HISTORIC CAMERA

History of the Photographic Lens





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HCCC
Historic Camera Collector Club

9
DICTIONARY OF PHOTOGRAPHY
1889, London
by E.J. Wall


When two lenses are required to be cemented together so as to present one common surface, they are slightly warmed, and a drop or two of Canada balsam is applied, and the two lenses pressed forcibly together, so as to squeeze out excess of balsam. When cooled, they present the appearance of one single piece of glass, and cannot be separated without heat. When two lenses have not a common surface, three small pieces of tinfoil are introduced at equal distances apart between their margins, or when the separation is greater, as in most portrait lenses, a ring of brass is used for the same purpose. When the lens is fixed in its brass ring, so that it cannot be taken out without raising the bent edge of the brass, it is said to be set.

Under the article FOCUS will be found numerous rules and tables, which may be of some service. The following, however, were not given then, and are, therefore, here introduced: —In portrait lenses, and some rapid rectilinears, when the latter are used at more than their equivalent focus, it is often desirable to know what depth of focus a lens possesses: depth of focus may be both before a given point and also behind it. The following rules are then required:—

Having focussed any point, to find the distance in front of that point which will be in focus (all measurements to be in inches, and the distance of object to be measured from the optical centre of lens)—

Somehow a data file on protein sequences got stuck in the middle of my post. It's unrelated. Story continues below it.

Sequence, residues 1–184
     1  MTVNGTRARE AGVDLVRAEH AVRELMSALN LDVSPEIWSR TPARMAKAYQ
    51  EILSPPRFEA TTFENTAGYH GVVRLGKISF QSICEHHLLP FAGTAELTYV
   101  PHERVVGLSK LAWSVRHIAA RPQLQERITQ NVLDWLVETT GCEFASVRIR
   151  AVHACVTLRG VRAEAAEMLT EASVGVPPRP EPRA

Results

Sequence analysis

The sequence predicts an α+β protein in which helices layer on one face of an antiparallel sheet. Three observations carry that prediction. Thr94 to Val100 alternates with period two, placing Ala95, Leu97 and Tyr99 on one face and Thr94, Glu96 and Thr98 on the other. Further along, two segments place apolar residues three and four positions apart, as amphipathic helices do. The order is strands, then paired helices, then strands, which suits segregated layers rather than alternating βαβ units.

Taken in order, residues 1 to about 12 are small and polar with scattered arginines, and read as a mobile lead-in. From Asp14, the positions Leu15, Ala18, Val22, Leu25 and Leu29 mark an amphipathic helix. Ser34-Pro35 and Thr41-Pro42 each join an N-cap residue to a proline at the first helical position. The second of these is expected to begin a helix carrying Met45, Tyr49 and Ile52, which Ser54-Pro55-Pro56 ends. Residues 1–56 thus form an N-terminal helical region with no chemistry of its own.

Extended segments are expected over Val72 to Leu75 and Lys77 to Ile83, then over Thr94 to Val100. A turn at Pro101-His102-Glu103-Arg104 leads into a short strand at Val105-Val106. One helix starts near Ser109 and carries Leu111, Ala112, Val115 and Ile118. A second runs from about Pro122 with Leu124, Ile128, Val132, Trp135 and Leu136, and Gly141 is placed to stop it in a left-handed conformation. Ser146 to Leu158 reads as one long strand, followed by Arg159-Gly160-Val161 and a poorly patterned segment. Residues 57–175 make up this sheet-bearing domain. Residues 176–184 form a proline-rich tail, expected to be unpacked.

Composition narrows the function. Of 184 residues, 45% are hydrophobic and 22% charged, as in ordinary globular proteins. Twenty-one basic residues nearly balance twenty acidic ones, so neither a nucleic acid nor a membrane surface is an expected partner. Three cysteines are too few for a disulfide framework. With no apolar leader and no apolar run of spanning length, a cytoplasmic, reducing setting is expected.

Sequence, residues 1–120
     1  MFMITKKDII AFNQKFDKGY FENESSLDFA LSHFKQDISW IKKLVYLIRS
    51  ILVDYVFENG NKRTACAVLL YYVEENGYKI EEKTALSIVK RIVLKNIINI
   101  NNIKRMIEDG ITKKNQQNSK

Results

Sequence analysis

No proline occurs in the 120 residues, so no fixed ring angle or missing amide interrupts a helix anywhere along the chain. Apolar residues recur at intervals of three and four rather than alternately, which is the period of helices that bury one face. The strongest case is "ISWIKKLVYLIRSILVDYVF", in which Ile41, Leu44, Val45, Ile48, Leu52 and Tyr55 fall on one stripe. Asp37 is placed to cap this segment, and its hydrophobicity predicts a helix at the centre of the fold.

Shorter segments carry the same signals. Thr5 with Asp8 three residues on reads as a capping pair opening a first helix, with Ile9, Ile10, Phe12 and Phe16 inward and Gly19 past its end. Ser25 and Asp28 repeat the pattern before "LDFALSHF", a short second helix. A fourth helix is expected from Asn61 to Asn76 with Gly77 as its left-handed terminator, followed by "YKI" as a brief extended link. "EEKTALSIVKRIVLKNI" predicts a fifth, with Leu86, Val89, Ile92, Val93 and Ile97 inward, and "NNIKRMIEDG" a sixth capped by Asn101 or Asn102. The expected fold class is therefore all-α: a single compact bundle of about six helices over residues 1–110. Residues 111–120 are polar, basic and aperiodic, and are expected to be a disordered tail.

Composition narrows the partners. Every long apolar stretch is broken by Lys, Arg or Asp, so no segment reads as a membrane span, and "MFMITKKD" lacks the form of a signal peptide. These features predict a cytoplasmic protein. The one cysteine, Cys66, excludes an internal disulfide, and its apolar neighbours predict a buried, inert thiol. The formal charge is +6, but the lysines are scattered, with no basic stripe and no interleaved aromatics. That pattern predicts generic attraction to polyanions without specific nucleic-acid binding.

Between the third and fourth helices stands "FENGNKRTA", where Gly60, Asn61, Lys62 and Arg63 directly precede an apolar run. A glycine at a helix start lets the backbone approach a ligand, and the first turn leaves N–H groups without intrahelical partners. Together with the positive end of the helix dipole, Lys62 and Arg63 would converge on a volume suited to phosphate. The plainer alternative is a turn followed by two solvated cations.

1. Multiply the focal length by the diameter of the stop, and the result by the difference between the focal length and the distance of the object.

2. Multiply the focal length by the diameter of the stop, and add 1/100 part of the distance of the object.

3. Divide the first product by the last, add the focal length, and subtract the result from the distance of the object, when the result will be the distance sought for in front in inches.

To find the depth of focus behind a given point—

1. Multiply the focal length by the diameter of the stop, and the result by the difference between the focal length and the distance of the object.

2. Multiply the focal length by the diameter of the stop, and subtract 1/100 part of the distance of the object.

3. Divide the first product by the last, add the focal length, and deduct the distance of the object; the result is the distance behind in inches.

Example. —Find the depth of focus when focussing an object 5 ft. distant with a lens of 7 in. focus, working at f/5.





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